Precautionary principle and cost-benefit analysis: an examination of the criteria underpinning its justification  

Silvia Zorzetto (University of Milan)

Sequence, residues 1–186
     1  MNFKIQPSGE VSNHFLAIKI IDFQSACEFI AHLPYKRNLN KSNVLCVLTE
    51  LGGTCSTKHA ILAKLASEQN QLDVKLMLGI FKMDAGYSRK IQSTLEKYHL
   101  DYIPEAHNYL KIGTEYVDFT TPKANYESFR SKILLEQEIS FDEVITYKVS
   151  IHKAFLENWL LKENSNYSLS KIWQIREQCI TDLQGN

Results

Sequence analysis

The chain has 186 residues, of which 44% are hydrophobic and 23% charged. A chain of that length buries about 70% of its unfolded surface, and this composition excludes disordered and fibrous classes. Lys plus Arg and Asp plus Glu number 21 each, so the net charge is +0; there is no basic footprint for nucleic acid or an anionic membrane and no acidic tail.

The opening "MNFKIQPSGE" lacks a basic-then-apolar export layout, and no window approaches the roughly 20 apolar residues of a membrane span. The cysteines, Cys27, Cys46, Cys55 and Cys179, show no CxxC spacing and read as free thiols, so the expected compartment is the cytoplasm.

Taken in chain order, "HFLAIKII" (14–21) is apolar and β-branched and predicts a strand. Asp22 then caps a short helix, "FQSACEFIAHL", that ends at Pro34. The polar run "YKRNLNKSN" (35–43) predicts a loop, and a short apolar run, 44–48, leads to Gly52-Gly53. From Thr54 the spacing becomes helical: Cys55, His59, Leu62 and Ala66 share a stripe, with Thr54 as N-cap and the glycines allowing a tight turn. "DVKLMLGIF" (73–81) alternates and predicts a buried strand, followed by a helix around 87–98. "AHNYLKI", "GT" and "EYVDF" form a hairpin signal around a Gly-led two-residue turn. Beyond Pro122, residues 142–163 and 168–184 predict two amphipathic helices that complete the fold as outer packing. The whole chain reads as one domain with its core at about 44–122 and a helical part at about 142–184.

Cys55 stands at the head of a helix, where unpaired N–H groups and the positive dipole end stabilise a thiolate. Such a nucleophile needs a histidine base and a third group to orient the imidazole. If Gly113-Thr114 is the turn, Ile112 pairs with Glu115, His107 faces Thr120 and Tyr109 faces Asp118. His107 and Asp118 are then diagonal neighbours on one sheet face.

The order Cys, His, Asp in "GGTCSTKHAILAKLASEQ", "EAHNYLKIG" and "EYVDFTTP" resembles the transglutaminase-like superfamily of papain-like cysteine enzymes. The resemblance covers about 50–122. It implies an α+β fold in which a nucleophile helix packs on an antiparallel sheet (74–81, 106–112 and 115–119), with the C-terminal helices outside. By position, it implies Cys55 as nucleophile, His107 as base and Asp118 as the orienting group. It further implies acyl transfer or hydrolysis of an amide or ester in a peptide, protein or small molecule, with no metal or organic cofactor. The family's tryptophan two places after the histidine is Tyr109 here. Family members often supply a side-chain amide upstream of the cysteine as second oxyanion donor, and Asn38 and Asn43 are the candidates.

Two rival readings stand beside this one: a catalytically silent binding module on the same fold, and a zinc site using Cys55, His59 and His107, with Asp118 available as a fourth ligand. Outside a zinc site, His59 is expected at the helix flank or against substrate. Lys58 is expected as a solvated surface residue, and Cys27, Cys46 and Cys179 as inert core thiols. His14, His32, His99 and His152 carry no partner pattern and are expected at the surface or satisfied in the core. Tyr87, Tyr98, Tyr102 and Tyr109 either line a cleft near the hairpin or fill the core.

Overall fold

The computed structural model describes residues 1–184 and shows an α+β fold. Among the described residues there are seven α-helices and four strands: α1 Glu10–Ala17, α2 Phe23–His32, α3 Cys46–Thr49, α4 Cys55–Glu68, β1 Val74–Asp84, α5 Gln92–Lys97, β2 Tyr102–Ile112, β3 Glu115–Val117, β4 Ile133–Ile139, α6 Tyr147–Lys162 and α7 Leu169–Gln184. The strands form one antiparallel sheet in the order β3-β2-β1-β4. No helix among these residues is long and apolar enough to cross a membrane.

The analysis that is the subject of this paper is part of a broader study of the precautionary principle and risk. As is well known, the precautionary principle (“PP”) is regarded as a risk management principle and is considered here from this point of view. As a risk management principle, PP is much discussed, mainly because of its indeterminacy. Indeed, it is not at all clear what the content of PP is and, above all, what criteria or standards can be used for its concrete implementation (i.e. in the public and private sectors and in the various national and international contexts). This applies to the environment and other sectors, including health. In general, it is considered that the application of the precautionary principle must be justified by a cost-benefit analysis, as no precautionary measure is free and the failure to take precautionary measures entails costs too. In particular, the criteria used to justify PP – it is “efficient” from the point of view of cost-benefit analysis – are diverse and heterogeneous in the scientific literature, in the public debate and also in practise. Some of them are, for example, the de minimis approach, the de manifestis approach, the ALARA criterion (“As Low As Reasonably Achievable”), the ALARR criterion (“As Low As Reasonably Reasonable”), the BAT principle (“Best Available Techniques”, a version of which is supposed to take into account the economically justifiable conditions in the industry concerned, the so-called “affordability”), the BATNEEC principle (“Best Available Techniques Not Entailing Excessive Costs”), the BPEO principle (“Best Practicable Environmental Option”), the “Worst Case Analysis” criterion, the ‘Maxi-Min’ criterion (of which there are again several variants, such as the so-called “Mini-Max Regret Rule” or the “Insufficient Justification” principle), etc. In the present analysis, some of these criteria are considered in their main versions. In fact, each of them has variants. The aim is to show the values and theoretical premises that underlie each of these criteria, as well as the ethico-political choices that inevitably arise, not only in choosing between one criterion and another, but also in applying them. It is not a matter of taking sides with one criterion or the other. On the contrary, it is about arguing that the strength of PP lies in its flexibility and its ability to be an extremely powerful risk management tool precisely because it is variable in its content. However, the point is to use it consciously, and this conscious use depends precisely on the conscious selection of the various criteria that justify its use from the point of view of cost-benefit analysis. Such analysis shall not compare costs with benefits in the dark, i.e. not on the basis of undefined criteria/standards or misleading formulas, but on the basis of a weighted selection, which again cannot be had for free.

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